Cells are the fundamental functional and structural units that constitute all living beings; they function as building blocks, intertwined modules, that, when aggregated enable the construction of an organism.
Cell structure can, shortly be described as comprised of a membrane – a tissue that acts as a boundary, marking the physical limits of the cell; a cytoskeleton – a structural component that shapes and holds the exterior membrane; a nucleus, where all information about the cell and its purpose is stored; and, finally the cytoplasm – all the fluid that envolves that nucleus. By realizing that often in architecture, construction and economy as well as in biological processes, the concept of repetition and easiness of assembly are prized qualities, our proposal brings this motto to the design of a housing dwelling. So, the first step was to create a module, a cell if you like, that can, not only persist through the rigors of an alpine weather – specially during winter; but also be environmental efficient – from the production point – easy to build and using as much recycled materials as possible – of view as well as during its lifetime as a building. As a cell, this module would have to be comprised of some distinct elements: its membrane is its outer shell, its revetment; its cytoskeleton is its structure; its nucleus is not only where all the essential uses are located, but its structural core; and, finally its cytoplasm is its living space.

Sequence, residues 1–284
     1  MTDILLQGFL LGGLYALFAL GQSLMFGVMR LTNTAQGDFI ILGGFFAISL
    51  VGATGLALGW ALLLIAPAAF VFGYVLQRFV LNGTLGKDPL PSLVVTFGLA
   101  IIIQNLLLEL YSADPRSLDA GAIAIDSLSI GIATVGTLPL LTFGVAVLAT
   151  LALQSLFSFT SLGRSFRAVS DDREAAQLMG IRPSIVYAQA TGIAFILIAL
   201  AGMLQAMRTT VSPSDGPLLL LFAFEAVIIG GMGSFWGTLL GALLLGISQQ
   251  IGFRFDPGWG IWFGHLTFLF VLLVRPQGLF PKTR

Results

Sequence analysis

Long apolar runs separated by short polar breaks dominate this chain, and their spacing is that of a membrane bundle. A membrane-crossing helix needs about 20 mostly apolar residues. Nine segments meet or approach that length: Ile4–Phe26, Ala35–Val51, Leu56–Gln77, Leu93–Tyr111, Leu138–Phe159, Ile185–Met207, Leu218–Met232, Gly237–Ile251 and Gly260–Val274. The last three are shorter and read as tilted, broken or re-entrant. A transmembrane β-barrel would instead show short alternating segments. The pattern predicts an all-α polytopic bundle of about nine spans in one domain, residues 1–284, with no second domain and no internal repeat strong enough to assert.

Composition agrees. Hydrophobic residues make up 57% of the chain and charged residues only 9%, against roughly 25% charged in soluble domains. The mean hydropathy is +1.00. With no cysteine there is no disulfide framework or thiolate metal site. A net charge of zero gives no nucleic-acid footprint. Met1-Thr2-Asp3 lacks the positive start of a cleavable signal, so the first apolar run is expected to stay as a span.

The location is Powder Mountain on the Wasatch Range, the site, is the first as stated on the competition rules – Site 1. Being in an alpine range, with its own peculiarities and climate, the most important aspects of laying out the dwelling must be, not only the way its uses are organized, but the way the building deals with its surroundings, with the sun course during the year and with the main winds that exist there.
The deployment of the cells, organized in a group of three, intends to deal with this complex conundrum. So, the modules are laid following the sloped terrain – 8% slope; facing South to receive the most of Sun light during the day; and being lapsed so that they can protect one another from the predominant winds. The layout of the dwelling responds also to all the activities and functions it is supposed to hold inside. There are three modules, separated by their uses: - First, there is a cell destined to shelter all the common areas – kitchen, living and dining rooms, office/library spaces; - Then, in the middle of the group, it is located a outdoor module – comprised solely of its membrane and cytoskeleton – holding a fireplace, intended as an area for gatherings, contemplation and exercising; - Finally, the last cell holds the living quarters, stacked on upon another